UQ research reveals accent discrimination in hiring

People from minority groups who speak with ‘non-standard’ accents face discrimination in job interviews, researchers from The University of Queensland have found.

The study examined the experiences of people classed as speaking with a ‘standard’ accent, one that is generally known and accepted as the way of speaking (for example American-accented English in the United States), versus candidates with ‘non-standard’ accents.

Dr Jessica Spence from UQ’s School of Psychology led the research team which reviewed 27 papers on accent-based hiring biases, that included 4,576 participants.

“We found accent bias was strongest against people in marginalised or minority groups,” Dr Spence said.

“This is concerning because more than 272 million people live in a country other than their place of birth and one of the top motivations for migration is better job opportunities.

“We found women with standard accents were favoured as job candidates over women with non-standard accents, but men were judged equally regardless of their accent.”

The study compared candidates who differed by regional accent – for example, American-accented English versus British-accented English – and found there was no prejudice.

“There was, however, strong prejudice between candidates who differed by foreign accent, such as American-accented English versus Chinese-accented English,” Dr Spence said.

“We could interpret from these findings that female candidates who have a non-standard accent and candidates with accents that may signal they belong to a minority racial-ethnic group may be subjected to stronger discrimination when being interviewed for jobs.”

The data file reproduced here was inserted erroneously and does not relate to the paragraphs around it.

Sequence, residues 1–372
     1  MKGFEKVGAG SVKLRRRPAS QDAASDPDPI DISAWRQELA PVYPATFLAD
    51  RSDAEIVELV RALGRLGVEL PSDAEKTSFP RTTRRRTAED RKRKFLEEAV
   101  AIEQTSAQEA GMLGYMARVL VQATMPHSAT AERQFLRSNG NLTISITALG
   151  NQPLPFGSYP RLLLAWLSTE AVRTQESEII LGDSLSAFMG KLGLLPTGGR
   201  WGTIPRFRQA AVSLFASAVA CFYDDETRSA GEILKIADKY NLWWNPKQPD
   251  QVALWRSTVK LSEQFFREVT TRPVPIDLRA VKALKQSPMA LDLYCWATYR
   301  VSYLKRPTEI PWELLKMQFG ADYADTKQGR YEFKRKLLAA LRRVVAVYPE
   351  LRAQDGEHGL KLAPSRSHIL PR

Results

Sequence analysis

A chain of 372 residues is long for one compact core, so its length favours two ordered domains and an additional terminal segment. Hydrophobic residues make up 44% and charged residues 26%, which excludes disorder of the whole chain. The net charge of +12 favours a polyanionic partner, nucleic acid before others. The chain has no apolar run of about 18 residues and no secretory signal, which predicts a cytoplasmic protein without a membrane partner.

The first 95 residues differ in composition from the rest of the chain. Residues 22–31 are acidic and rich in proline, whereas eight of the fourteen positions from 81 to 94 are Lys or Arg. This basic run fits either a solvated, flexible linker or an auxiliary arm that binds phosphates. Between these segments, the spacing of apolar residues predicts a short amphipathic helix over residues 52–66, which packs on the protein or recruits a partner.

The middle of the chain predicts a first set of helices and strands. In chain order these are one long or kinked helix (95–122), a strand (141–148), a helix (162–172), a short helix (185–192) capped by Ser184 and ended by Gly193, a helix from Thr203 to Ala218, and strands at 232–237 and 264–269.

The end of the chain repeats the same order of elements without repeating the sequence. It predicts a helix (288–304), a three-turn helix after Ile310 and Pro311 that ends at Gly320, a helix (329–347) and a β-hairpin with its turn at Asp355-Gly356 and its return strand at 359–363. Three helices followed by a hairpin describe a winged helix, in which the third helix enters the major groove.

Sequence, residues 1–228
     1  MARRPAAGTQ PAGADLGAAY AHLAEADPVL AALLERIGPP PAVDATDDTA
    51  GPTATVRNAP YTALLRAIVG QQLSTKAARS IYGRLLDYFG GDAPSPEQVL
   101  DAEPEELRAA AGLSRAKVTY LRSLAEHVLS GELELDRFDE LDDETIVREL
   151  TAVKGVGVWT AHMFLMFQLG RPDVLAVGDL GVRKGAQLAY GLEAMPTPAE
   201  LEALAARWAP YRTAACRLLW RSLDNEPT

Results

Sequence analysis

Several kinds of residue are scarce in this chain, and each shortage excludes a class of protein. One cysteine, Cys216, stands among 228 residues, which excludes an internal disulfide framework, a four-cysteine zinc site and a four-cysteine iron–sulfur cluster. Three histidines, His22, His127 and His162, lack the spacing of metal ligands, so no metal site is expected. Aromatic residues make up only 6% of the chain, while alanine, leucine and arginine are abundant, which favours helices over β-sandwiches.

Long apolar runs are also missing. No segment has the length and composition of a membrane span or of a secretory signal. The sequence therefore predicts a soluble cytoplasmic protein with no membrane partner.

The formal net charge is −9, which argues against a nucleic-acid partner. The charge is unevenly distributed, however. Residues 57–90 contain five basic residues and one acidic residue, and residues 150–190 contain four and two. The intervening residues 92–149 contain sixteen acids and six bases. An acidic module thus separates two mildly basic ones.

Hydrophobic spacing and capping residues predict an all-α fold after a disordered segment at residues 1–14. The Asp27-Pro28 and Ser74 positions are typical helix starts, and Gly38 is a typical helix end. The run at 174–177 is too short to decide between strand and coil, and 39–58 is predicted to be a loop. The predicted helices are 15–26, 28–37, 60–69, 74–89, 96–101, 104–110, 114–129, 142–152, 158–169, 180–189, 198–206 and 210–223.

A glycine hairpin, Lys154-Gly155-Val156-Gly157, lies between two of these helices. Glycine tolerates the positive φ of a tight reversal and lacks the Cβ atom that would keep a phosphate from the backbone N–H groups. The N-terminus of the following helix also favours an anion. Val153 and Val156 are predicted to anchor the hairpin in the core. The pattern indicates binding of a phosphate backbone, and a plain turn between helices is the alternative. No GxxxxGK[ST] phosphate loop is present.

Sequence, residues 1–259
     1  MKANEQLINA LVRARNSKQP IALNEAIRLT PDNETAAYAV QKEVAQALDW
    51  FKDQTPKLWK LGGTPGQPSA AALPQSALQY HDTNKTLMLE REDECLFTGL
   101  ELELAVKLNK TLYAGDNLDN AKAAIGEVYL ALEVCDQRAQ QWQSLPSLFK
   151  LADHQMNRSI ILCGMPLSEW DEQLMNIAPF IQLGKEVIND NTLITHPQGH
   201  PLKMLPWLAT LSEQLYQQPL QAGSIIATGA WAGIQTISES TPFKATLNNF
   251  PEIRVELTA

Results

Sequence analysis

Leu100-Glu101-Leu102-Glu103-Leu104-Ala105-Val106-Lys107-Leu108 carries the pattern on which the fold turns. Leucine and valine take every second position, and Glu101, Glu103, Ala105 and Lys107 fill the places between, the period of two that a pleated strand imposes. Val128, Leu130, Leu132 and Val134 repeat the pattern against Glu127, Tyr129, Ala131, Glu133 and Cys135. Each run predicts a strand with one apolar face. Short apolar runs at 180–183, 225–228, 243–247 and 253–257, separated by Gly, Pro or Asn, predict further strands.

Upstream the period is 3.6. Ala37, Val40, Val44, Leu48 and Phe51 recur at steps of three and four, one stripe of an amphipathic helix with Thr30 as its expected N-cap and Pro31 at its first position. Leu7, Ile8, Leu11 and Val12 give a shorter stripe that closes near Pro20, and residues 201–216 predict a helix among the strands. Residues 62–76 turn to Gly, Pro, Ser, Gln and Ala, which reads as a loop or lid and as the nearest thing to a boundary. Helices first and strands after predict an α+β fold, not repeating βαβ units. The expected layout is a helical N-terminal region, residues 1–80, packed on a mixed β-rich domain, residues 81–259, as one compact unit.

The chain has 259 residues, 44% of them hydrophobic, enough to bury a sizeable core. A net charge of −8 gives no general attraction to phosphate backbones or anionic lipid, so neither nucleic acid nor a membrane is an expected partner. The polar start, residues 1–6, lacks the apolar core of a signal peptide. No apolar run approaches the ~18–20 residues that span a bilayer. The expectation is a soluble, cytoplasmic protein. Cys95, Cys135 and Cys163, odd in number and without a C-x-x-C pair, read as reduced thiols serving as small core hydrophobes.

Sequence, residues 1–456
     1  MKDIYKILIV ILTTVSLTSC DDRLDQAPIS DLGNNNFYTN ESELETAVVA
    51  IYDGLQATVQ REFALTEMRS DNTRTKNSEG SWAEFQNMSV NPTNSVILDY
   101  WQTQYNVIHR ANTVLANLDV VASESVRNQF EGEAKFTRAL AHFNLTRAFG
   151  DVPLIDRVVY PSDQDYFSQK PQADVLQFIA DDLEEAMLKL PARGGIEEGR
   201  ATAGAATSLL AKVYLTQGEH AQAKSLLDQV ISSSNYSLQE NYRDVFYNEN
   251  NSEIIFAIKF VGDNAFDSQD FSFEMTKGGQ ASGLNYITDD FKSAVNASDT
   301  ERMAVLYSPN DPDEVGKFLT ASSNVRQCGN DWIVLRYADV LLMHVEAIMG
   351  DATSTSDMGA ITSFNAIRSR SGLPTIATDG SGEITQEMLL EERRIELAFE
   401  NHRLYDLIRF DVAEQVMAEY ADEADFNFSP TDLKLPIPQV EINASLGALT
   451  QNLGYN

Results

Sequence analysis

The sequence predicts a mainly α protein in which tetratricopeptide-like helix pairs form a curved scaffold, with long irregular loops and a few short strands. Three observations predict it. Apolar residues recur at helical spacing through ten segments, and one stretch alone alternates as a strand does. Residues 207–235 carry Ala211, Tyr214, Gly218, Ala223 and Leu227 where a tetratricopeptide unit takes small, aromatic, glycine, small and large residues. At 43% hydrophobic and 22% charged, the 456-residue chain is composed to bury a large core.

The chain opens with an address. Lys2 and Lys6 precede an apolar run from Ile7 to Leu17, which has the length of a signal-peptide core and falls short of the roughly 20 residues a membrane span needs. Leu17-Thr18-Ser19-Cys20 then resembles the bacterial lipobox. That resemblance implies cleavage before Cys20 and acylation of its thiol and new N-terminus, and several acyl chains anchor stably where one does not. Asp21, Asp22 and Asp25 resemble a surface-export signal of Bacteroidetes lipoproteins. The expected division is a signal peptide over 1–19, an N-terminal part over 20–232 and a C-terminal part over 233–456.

Job candidates in the study spoke in a large variety of accents, including American-accented English, British-accented English, Mexican American-accented English, Arabic-accented English, European-accented English and Asian-accented English.

Co-author Dr Kana Imuta from UQ’s School of Psychology said the findings highlighted the importance for people in hiring roles to be aware of prejudice based on accent to minimise discriminatory decision-making.

“Accent-based discrimination can often fly under the radar, and we hope this research will help increase awareness that it is a reality,” Dr Imuta said.

“Further research is needed into the underlying processes that contribute to accent-based biases.

“We also need to identify strategies to mitigate the negative impact these biases have on people.”

The research is published in Personality and Social Psychology Bulletin.

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